There is one major disadvantage with the lever lock design; should you accidentally insert the blade into the sheath the wrong way round, the cutting edge runs directly onto and along the metal locking lever which will seriously damage the cutting edge.

Once in the hand, the Mamba is similar in size to flatware (a table knife) but is clearly something much more serious.

Though it has a slim grip, the finger grip in the handle, combined with the deep jimping under the thumb, give you a really secure hold on the knife.

Of course the main reason for the slim design of the Mamba is so that it, and its sheath, can fit into PALS webbing (so is MOLLE compatible) for ease of integration into your gear. Many people carry a knife in their PALs webbing, but either have a folder clipped onto it, a large knife with MOLLE compatible sheath, or (something that makes me cringe) in some cases an unsheathed knife slipped into the loops.
Here I’ve got it fitted to a MOAB 6 bag, but it works even better on the shoulder strap of a backpack.

Before fitting, take off the clips and try the sheath in the position you are considering, and check your thumb will land on the locking lever. Then refit the clip nearest to the handle and try once more to check it all works. There is a good reason for checking how well it works at this point.

When mounted, the adjustable clips are positioned so that they hold onto one line of webbing. The clips need to be opened on both sides of the sheath to be able to slide, so fitting can be a bit awkward. This is due to the clip near the tip of the sheath having very little room to move as it is pressed against the bag/load carrier on one side. You don’t want to have to do this many times, hence the earlier trial fitting I mentioned.

Although you have to fight with one of the clips to fit the Mamba into PALS webbing, the tapered tip of the sheath slides through the loops very easily.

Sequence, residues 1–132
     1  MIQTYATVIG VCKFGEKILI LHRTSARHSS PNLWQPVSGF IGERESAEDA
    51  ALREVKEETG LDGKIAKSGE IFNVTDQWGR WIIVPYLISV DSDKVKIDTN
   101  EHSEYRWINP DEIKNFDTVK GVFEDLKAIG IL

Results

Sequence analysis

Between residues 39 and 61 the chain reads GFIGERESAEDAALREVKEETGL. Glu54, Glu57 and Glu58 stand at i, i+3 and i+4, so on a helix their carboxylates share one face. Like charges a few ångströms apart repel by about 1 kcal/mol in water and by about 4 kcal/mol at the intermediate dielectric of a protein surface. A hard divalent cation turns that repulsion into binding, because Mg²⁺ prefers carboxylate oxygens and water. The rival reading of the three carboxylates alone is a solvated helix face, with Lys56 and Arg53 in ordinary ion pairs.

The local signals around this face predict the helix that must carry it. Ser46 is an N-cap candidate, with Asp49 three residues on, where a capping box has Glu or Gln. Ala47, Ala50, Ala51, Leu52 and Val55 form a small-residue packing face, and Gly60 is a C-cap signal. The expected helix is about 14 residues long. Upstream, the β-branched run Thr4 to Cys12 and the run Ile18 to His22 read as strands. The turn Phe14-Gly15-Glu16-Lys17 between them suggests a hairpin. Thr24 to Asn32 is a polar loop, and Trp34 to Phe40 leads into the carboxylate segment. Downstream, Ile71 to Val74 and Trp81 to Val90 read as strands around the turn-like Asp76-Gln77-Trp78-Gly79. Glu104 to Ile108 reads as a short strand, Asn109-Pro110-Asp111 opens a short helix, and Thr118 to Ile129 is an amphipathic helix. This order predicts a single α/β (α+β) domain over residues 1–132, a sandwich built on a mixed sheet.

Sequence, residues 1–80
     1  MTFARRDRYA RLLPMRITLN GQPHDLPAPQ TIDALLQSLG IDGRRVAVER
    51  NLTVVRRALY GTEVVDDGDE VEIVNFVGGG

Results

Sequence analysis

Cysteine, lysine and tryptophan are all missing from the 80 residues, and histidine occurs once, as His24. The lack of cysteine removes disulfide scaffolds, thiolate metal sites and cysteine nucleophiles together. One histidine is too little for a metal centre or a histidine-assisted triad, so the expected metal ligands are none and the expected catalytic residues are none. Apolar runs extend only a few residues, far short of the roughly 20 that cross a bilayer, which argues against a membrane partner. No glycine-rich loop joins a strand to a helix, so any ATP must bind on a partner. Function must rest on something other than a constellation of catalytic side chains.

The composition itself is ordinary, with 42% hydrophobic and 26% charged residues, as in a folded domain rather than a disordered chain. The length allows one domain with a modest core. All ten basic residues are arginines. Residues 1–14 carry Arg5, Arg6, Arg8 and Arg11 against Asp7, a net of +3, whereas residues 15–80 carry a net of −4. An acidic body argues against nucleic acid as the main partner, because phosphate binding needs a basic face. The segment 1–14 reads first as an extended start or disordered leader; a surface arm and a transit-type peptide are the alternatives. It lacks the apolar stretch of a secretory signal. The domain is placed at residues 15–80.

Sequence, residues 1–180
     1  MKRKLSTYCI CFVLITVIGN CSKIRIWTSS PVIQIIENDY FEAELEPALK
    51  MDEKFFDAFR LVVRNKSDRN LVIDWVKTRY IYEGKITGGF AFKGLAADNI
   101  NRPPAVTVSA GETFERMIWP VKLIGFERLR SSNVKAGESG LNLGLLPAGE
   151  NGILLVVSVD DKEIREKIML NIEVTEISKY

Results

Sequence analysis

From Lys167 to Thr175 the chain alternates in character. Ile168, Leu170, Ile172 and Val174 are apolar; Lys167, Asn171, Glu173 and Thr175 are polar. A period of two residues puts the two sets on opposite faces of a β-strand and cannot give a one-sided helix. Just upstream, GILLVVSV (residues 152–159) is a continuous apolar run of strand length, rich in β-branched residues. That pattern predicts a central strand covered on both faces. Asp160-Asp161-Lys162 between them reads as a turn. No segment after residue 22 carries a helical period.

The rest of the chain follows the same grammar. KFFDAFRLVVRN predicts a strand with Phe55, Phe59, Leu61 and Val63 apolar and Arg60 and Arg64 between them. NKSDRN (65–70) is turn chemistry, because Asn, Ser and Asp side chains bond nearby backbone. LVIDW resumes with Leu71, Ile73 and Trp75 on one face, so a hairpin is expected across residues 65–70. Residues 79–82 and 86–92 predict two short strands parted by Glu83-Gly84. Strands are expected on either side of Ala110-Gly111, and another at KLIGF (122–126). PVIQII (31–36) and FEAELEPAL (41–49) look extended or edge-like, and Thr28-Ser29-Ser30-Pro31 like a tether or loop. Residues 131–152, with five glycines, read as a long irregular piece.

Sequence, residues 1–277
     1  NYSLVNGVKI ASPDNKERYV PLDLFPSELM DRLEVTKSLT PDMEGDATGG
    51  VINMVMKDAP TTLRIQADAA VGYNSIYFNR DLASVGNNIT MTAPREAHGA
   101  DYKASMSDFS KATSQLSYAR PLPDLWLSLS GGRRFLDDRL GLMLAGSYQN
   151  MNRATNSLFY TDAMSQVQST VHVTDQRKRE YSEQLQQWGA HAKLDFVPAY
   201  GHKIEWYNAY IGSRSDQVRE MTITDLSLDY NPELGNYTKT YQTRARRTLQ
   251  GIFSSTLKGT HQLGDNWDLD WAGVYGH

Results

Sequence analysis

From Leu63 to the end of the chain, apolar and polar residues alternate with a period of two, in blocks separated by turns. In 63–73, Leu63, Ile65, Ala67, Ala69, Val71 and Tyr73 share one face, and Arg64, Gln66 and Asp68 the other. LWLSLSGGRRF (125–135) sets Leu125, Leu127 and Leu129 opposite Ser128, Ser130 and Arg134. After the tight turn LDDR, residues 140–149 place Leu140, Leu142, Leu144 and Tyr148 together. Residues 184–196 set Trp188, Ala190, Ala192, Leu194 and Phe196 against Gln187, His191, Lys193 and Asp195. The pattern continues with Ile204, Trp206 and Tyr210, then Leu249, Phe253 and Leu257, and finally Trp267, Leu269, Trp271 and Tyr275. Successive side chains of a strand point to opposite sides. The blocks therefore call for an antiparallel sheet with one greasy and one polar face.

So, being designed to fit into PALS webbing, compared to the Extrema Ratio ‘standard build’ for a knife, it is quite a bit smaller. To give an idea of this, here it is next to the Extrema Ratio TASK J.

And unsheathed as well.

Initially the Mamba is not a knife I would have been that excited about; a slim knife designed to fit into PALS webbing. Useful maybe, but not that exciting. This is certainly not how I feel about it now after spending time with it.

In many ways, Extrema Ratio got me hooked with this one by using the lever lock. I just hope they introduce this for a few other models, including the larger knives. On top of that is the fact that the more you use knives, the more you realise you don’t need as much knife as you thought you might. So, often people carry around seriously heavy duty tools that are never really put to use. In terms of cutting power, the Mamba is more than capable of most everyday jobs and its slimmer blade (though not weak at 3.8mm thick) makes many cutting jobs easier. It really is a multi-purpose ‘utility blade’, in all the best possible meanings of that term.

If only Extrema Ratio could include a belt loop fitting, perhaps sliding over the sheath like the MOLLE clips do, as I would like to be able to carry the Mamba securely without a load carrier or backpack. Light, slim, easy to work with and an excellent quick release lever lock for sheath retention, I’ll be carrying this whenever I can.

Review Summary